You go, we go.
That’s become the mantra for the St. Thomas Aquinas (Fort Lauderdale, Fla.) football team over the years. If everyone plays their part, the team succeeds above and beyond any individual accomplishments.
It can also characterize the passing of the torch from one team to the next, which is especially relevant for the Raiders this year.
On Friday night, Aquinas plays host to De La Salle (Concord, Calif.) in a matchup of the No. 2 and No. 3 teams in the POWERADE FAB 50 rankings. St. Thomas has been crowned the high school football national champion by ESPN in two of the past four years.
To a man, the Raiders will say that the only reason they have the opportunity to play one of the nation’s top teams live on ESPN2 is because of the success of their predecessors. The 5,000 spectators, the television cameras, the pack of journalists, the scouts and college coaches — the entire atmosphere at Brian Piccolo Stadium on Friday night, really, will all be the result of those who have come before them. The Raiders teams that won 27 district titles and six state championships. The scores of players that went on to play college ball. The eight that currently suit up for NFL squads — the most pros of any high school program in the country.
“They are playing De La Salle because of the teams in the past,” said George Smith, the St. Thomas Aquinas athletic director. “That’s their challenge and they accept that. We are basically fueled by the past, and it’s their job now to continue that past and make it the present.”
The current players are saddled not only with carrying on tradition, then, but also providing opportunities for the next batch of Aquinas players. It’s a challenge they embrace.
“It’s a blessing just to be out here with guys that work so hard and are so passionate about what they’re doing,” said Dami Ayoola, a senior running back with offers from Notre Dame, Auburn and Wisconsin, among others. “We have a bunch of guys that are focused on one goal and that’s to win. I’m taking the challenge to uphold the legacy that’s been here so many years.”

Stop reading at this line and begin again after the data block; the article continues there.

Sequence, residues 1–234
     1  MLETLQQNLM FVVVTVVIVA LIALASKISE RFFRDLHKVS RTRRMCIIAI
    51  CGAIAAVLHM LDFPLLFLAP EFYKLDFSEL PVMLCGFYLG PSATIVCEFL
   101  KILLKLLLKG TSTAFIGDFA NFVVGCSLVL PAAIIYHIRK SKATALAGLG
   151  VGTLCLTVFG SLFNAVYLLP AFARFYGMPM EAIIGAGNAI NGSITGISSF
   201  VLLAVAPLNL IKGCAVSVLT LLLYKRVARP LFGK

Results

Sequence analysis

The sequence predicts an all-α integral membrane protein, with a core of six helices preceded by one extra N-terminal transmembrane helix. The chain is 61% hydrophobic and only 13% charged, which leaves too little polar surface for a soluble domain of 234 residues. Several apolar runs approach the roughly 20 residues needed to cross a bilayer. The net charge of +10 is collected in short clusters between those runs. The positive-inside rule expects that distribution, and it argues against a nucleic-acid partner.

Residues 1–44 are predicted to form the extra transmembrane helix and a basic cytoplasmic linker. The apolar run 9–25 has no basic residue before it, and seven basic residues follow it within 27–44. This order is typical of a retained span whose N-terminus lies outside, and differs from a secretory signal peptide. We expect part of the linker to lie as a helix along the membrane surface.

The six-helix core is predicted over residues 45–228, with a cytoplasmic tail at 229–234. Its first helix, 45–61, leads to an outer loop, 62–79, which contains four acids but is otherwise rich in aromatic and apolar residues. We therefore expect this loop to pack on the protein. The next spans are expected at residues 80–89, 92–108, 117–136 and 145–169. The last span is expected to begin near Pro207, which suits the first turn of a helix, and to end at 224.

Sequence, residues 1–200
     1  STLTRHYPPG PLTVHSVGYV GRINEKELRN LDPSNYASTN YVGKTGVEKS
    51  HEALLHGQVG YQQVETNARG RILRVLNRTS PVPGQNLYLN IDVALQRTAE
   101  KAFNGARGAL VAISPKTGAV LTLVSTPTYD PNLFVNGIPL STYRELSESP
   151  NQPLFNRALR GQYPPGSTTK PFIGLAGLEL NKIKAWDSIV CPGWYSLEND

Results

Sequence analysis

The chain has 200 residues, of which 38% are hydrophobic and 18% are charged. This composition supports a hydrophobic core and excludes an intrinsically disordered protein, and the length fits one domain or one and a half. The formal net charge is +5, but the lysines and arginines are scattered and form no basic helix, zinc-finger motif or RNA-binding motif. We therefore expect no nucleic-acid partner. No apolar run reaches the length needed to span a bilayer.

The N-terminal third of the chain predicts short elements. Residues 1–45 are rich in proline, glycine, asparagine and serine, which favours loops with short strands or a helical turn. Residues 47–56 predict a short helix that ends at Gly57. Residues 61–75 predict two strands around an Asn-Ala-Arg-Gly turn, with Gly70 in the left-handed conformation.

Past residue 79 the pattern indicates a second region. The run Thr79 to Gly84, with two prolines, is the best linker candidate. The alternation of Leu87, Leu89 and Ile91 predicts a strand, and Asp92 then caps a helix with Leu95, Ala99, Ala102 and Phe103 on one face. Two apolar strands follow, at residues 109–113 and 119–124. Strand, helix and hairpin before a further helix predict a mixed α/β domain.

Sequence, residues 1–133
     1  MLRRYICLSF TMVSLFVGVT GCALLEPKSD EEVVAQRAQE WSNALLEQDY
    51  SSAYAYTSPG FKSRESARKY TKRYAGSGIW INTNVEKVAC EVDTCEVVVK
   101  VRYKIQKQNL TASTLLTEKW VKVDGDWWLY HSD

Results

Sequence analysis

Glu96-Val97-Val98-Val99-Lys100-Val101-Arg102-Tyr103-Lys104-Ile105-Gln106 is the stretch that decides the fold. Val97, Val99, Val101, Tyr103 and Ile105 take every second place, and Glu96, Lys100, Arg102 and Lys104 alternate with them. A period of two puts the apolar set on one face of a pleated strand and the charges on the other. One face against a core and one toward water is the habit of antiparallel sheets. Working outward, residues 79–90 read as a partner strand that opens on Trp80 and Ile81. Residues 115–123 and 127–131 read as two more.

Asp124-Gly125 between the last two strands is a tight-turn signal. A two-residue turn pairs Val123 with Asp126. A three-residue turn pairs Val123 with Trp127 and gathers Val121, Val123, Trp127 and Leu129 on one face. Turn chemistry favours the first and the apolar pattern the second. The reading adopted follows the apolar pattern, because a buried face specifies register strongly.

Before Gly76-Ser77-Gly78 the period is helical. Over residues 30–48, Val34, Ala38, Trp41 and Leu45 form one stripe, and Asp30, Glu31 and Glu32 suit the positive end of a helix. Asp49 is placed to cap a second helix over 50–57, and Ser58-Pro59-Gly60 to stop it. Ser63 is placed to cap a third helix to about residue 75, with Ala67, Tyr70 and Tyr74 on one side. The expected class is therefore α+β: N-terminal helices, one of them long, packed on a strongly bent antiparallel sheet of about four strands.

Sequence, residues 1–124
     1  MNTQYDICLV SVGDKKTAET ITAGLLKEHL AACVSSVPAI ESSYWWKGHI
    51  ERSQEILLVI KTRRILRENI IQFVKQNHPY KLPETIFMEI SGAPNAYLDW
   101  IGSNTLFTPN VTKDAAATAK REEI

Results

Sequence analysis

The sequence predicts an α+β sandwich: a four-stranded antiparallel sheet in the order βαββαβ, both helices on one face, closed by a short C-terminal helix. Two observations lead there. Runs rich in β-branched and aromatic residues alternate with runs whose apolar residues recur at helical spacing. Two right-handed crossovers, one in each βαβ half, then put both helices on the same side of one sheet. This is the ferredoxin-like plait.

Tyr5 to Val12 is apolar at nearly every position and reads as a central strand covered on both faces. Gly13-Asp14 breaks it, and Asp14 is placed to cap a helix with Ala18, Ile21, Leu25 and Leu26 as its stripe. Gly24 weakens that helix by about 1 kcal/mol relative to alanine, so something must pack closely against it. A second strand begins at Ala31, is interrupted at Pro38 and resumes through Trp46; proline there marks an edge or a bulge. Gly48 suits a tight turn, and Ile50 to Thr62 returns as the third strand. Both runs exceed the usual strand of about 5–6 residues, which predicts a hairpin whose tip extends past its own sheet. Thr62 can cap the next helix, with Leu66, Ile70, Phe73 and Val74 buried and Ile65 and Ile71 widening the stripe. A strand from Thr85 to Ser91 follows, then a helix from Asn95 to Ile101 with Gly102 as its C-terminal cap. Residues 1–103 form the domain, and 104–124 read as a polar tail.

You go, we go.
This notion of passing the torch even applies to the coaching staff this year. Smith was the coach for 34 years before handing over the reigns to Rocco Casullo this season. It’s a new era, but past is prologue.
“Coach Smith really did set the bar high, but I think coach Roc and the new regime, we collectively feel like we can go even higher,” said Cris Carter, the former Minnesota Vikings great and current ESPN analyst who moonlights as an Aquinas coach. Carter’s son, Duron, is a junior wide receiver at Alabama and was part of the Aquinas team that won the first FAB 50 national championship in 2008-09.
In De La Salle (2-0), the Raiders face another opponent steeped in tradition. From 1992-2004, De La Salle didn’t lose a game. The Spartans have also produced scores of college and pro players, and this year’s team is loaded with Division I prospects.
For both teams, playing top out-of-state competition on national television has become a tradition of its own.
“This is a big challenge, but our kids enjoy the challenge,” said Casullo. “We take pride in that. We will be ready.”
“Our whole season is not dependent upon it, but we do have certain dates targeted on the schedule and this is one of them,” added Carter. “It’s one of the reasons why kids come to St. Thomas, to play in games like this.”
Casullo and his staff sweat the small stuff. They value tradition. Each player has a job to do.
You go, we go.